Dershowitz concludes that “[the Democrat] majority of the House is simply making it up as they go along in the process, thus placing themselves not only above the law but above the Constitution.” He also says that the Senate should refuse to conduct an impeachment trial based on the two articles passed by Nadler’s committee, because they “are unconstitutional and therefore void,” and that going forward with such a trial “will certainly do considerable damage to the rule of law.”

President Trump has tweeted his disdain for the articles passed by the Judiciary Committee, declaring that “the impeachment hoax is the greatest con job in the history of American politics!”


While Trump and his supporters were at a severe disadvantage during the Democrat House impeachment process, the sympathy it generated for the president has unified Republican ranks and boosted their campaign coffers.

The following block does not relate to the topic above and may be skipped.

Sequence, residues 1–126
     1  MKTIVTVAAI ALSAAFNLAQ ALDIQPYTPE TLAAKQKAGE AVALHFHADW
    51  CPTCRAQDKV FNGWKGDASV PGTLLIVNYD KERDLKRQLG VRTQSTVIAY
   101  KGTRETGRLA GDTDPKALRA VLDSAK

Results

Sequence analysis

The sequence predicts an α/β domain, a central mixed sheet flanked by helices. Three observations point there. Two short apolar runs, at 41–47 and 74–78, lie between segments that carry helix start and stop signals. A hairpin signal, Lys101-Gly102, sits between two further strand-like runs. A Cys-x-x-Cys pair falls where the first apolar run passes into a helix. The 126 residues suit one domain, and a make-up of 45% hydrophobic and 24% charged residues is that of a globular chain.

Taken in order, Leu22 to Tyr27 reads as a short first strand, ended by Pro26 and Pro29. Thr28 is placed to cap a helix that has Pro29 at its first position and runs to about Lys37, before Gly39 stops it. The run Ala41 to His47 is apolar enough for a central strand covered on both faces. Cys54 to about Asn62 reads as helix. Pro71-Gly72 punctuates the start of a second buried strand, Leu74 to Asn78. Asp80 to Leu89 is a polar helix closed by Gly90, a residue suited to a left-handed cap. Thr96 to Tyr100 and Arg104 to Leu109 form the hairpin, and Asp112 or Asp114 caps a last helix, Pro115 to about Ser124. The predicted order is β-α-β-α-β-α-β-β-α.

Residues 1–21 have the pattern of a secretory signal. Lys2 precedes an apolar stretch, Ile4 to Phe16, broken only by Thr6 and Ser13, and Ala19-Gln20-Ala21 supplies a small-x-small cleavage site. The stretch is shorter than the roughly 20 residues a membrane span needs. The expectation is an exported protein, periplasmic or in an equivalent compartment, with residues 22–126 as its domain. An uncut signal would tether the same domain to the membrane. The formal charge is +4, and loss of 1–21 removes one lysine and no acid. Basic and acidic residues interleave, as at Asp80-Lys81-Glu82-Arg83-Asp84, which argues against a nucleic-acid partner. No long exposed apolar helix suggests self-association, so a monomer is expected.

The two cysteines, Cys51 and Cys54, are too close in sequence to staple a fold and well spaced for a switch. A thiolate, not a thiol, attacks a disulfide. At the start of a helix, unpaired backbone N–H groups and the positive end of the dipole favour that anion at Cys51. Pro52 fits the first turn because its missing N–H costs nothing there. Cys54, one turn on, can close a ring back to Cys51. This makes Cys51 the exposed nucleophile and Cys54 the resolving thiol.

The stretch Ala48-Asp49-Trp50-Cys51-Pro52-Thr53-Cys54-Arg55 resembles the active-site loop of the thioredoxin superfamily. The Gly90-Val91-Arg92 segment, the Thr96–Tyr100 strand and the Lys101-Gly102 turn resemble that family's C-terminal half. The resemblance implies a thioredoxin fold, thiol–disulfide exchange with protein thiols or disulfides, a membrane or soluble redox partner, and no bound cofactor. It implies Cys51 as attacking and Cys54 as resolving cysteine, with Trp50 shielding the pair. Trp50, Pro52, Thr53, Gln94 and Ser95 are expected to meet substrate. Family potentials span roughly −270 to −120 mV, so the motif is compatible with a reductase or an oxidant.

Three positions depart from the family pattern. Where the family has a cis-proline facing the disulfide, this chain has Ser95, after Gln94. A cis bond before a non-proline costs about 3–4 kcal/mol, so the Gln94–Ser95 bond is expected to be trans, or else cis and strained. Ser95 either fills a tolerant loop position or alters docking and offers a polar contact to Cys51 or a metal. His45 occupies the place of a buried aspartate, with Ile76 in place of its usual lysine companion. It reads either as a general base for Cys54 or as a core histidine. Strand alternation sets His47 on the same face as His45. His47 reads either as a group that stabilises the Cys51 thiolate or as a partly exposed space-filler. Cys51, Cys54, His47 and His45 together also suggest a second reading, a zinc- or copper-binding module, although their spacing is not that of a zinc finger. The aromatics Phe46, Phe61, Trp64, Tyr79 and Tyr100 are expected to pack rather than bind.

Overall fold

The National Republican Congressional Committee has been focusing on the 31 House Democrats representing districts which voted for Trump in 2016, and pressuring them to not to support the two articles of impeachment. Outside conservative groups have also spent more than four times as much money targeting those House Democrats on impeachment than their liberal counterparts have spent defending them. The Republicans hope to nationalize the focus of the 2020 election to regain majority control of the House by defeating the Democrats in those 31 House seats, in addition to securing Trump’s re-election.

In their lines of political attack, most Republicans and their outside allies do not try to defend Trump’s conduct with regard to Ukraine. Instead, their talking points say that “no impeachable actions occur,” which is a statement upon which even Republicans who privately don’t like Trump can agree. They also can join in portraying Democrats as obsessed with impeachment while ignoring other legislative goals needed to address the country’s other problems.